The responsibility for designing this crossing was assigned to the noted civil engineer Joseph Locke, who also designed several other structures along the route, including the similar Richmond Railway Bridge. In order to achieve the required statutory height of the bridge above the high water mark of the Thames, as to prevent the structure impinging upon the passage of traditional river traffic, Locke determined that it would be necessary to embank the river. Furthermore, in order to accommodate the bridge's construction along the south side of the river, several properties within ‘’The Terrace’’, a street of modest Georgian houses, had to be demolished to provide sufficient clearance, as the structure and connecting lines pass directly through the estate.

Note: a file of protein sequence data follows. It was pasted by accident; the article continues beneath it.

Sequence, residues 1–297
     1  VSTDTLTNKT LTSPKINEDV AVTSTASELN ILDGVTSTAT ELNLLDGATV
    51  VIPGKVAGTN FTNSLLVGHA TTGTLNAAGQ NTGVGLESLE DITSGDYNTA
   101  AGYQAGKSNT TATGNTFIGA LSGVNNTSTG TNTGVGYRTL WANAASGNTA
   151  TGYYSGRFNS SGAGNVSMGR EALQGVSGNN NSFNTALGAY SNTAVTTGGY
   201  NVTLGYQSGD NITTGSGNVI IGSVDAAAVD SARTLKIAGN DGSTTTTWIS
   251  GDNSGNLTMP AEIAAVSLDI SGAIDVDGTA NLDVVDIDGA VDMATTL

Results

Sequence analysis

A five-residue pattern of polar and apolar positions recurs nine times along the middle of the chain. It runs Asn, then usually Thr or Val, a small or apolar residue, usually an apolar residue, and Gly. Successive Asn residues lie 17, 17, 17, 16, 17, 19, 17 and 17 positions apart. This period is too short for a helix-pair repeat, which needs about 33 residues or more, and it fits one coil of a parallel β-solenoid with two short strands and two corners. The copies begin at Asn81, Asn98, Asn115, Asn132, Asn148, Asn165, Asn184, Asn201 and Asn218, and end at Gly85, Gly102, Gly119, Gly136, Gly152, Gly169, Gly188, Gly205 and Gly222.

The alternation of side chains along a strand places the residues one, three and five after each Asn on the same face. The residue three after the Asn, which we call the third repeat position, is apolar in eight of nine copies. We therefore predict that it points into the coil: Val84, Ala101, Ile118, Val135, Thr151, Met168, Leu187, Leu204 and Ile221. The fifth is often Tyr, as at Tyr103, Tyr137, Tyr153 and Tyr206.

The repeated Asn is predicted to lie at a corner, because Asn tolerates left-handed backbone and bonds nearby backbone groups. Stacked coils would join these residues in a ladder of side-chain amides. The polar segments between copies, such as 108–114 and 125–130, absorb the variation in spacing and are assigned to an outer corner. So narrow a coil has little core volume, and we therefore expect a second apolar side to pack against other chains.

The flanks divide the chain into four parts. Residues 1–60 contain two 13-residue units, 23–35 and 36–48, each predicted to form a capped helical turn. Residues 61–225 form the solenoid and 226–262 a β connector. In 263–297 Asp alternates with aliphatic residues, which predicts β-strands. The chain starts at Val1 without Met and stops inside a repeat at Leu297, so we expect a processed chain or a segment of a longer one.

As designed by Locke, Barnes Bridge consisted of two pairs of cast iron arch spans, which had a length of 36.57 meters and a rise of 3.66 meters. Each arch was cast in four individual sections, while each span was strengthened via six cast iron arch ribs, which had a depth of 915mm. These spans were supported on brick piers, which were faced in Bramley Fall stone, and carried a deck composed of timber across the river. During 1846, Fox Henderson & Co were appointed as the contractor for building the structure; work on its construction commenced shortly thereafter. The completed bridge was officially opened on 22 August 1849. However, in the present day, while elements of Locke's incarnation of Barnes Bridge remain in situ, it is no longer in use for rail traffic, having been replaced by a newer structure built alongside.